I still vividly remember the day, 14 years ago, when a tall and painfully shy sixth grade student named Lisa sat down at my kitchen table for her first math lesson with me. Lisa's principal had recommended her for a free after-school tutoring program I had started in my apartment with several friends. Although I had asked the principal for students struggling in math, I was not prepared for Lisa.

I had planned to boost Lisa's confidence by teaching her to add fractions. I knew from previous experience as a tutor that children often develop anxieties about math when they first encounter fractions. Because my lesson involved multiplication, I asked Lisa if she had trouble remembering any times tables, but she stared at me blankly. She had no idea what multiplication meant. Even the concept of counting by a number other than one was foreign to her. She was terrified by my questions and kept saying, when I mentioned the simplest concepts, “I don't understand.”

I had no idea what to do with Lisa, so I decided to see if she could learn to count by twos so she could eventually multiply by two. To ease her fears, I told her I was certain that she was smart enough to learn to multiply. I was afraid I might be giving her false praise, but my encouragement seemed to help her focus, and she made more progress than I expected.

I tutored Lisa once a week for three years. In grade nine, she transferred out of the remedial stream in math, and in her second term she skipped a year and enrolled in grade 10 math. She was able to solve word problems and carry out complex operations on tests independently, and several times I watched her teach herself material out of a textbook. Her final mark in grade 10 math was a C+, but she was a year ahead. She had progressed from grade one to grade nine in only 100 hours of lessons, fewer than she would have received in a year of school. If I had had more time to prepare her, she could have done better.

In working with Lisa and the other students I tutored, I became convinced that children have far more potential to learn math than they typically exhibit at school. I registered my tutoring program as a charity, called JUMP (Junior Undiscovered Math Prodigies) Math, and embarked on a decade-long odyssey to determine the true math capabilities of children and why so many find the subject hard to learn. JUMP Math is now a classroom program used by more than 100,000 elementary and intermediate students in Canada. In the U.S., a number of school districts are testing a version of JUMP aligned with the Common Core State Standards.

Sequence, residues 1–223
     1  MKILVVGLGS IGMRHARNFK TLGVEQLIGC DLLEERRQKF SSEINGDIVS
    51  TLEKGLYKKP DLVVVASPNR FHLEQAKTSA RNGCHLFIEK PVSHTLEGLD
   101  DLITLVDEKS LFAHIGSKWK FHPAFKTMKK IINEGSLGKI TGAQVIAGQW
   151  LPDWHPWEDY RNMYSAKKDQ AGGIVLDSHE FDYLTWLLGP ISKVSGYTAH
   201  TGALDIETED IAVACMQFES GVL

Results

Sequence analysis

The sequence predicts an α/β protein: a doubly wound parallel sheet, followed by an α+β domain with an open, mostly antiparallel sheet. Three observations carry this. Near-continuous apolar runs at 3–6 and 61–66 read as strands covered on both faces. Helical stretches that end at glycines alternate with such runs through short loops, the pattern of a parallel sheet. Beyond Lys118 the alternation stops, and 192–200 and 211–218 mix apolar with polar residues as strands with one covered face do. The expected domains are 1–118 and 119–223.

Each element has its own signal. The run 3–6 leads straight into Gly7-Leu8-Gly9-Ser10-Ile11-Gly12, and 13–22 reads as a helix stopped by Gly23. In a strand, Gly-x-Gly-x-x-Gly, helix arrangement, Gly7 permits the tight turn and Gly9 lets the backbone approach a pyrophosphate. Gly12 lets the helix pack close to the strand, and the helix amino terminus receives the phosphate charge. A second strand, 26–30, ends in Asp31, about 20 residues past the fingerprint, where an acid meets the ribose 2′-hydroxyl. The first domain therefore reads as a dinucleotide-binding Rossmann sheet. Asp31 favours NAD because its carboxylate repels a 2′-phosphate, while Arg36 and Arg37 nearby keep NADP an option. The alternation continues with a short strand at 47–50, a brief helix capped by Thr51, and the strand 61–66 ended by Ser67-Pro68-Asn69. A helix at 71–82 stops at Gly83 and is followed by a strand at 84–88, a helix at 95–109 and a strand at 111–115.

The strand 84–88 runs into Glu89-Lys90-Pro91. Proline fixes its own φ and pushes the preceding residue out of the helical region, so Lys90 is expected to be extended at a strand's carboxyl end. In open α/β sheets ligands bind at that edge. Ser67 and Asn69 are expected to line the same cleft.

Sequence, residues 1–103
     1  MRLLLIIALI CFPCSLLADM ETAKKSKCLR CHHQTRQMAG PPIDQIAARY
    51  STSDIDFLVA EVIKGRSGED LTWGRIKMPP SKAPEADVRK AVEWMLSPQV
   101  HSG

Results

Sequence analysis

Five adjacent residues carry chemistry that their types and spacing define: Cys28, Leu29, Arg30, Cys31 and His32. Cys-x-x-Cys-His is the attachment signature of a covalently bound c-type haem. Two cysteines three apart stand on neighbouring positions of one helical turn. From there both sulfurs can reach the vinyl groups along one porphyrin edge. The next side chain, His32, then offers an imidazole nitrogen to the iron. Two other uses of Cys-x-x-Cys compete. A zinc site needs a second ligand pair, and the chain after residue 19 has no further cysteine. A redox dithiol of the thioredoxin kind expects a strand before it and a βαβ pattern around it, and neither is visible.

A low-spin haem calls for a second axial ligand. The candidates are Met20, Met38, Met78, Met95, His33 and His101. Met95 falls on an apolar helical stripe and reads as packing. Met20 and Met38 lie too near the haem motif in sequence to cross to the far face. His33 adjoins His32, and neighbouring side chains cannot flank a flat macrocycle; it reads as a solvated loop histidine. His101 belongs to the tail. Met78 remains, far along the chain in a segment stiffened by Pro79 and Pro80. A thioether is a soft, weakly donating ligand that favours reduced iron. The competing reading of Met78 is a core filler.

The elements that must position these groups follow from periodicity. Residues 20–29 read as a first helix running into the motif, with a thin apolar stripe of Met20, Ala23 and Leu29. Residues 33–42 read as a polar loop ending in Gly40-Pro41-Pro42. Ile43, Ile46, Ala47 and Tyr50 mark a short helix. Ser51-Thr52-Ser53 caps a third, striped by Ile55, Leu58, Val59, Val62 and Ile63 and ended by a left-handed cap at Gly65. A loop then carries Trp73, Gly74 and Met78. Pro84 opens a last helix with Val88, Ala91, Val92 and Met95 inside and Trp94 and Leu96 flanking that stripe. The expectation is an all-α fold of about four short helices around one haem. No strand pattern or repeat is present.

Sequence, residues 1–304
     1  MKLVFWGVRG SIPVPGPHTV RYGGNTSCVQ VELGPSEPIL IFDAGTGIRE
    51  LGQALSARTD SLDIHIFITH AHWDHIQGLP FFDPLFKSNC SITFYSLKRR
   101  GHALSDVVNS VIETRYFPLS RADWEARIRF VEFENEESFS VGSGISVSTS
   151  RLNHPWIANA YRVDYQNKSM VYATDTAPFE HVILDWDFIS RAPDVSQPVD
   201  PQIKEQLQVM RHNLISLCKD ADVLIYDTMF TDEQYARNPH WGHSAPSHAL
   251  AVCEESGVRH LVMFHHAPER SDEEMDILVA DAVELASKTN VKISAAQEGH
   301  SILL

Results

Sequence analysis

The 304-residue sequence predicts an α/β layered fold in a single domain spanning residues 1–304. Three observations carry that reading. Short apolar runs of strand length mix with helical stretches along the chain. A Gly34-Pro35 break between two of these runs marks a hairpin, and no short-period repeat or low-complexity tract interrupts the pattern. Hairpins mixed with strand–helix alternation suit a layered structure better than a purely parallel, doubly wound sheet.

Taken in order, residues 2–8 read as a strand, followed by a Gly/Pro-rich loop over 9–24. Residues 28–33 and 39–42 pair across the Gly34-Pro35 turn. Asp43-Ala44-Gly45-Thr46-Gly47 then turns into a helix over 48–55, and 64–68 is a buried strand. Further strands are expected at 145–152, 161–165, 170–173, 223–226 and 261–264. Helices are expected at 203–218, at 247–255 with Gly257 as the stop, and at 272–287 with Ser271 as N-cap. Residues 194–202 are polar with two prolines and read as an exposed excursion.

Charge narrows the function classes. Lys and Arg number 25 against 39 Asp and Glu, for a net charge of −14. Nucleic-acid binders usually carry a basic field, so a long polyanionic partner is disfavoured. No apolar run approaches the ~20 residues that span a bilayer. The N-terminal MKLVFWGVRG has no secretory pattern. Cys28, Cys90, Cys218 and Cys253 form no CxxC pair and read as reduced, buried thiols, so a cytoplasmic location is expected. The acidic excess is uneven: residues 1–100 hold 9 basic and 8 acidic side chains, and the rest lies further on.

From my experience as a tutor and then a volunteer in hundreds of classrooms, I developed a number of principles that form the basis of JUMP and are supported by research in educational psychology and cognitive science. They include providing lots of practice, giving students immediate feedback, teaching general math problem-solving strategies, and helping students discover new concepts by breaking down problems into small, manageable steps.

Surprisingly, these principles work not only in one-on-one lessons but also in whole classes. In a randomized controlled study presented at the Society for Research in Child Development in 2011, for example, cognitive scientists Tracy Solomon and Rosemary Tannock of the Hospital for Sick Children and the University of Toronto found that students from 18 classrooms using JUMP showed twice the rate of progress on a number of standardized math tests as those receiving standard instruction in 11 other classrooms. A large, multiyear pilot in inner-city schools in England, among many other anecdotal reports, have also shown that JUMP Math lifts students to much higher levels in math than most standard methods while dramatically shrinking the gap between weaker and stronger students.

Little Discovery

I believe that a root cause of many children's troubles in math, as well as in other subjects, is the belief in natural academic hierarchies. As early as kindergarten, children start to compare themselves with their peers and to identify some as talented or “smart” in various subjects. A child who decides that she is not talented will often stop paying attention or making an effort to do well. This problem will likely compound itself more quickly in math than in other subjects because when you miss a step in math it is usually impossible to understand what comes next. The more a child fails, the more her negative view of her abilities is reinforced and the less efficiently the child learns.

This belief in hierarchies causes greater differences between children in their success in math than do actual ability gaps. The fact that good instruction can dismantle hierarchies in math means that a child's current level of achievement need not dictate her long-term success in math.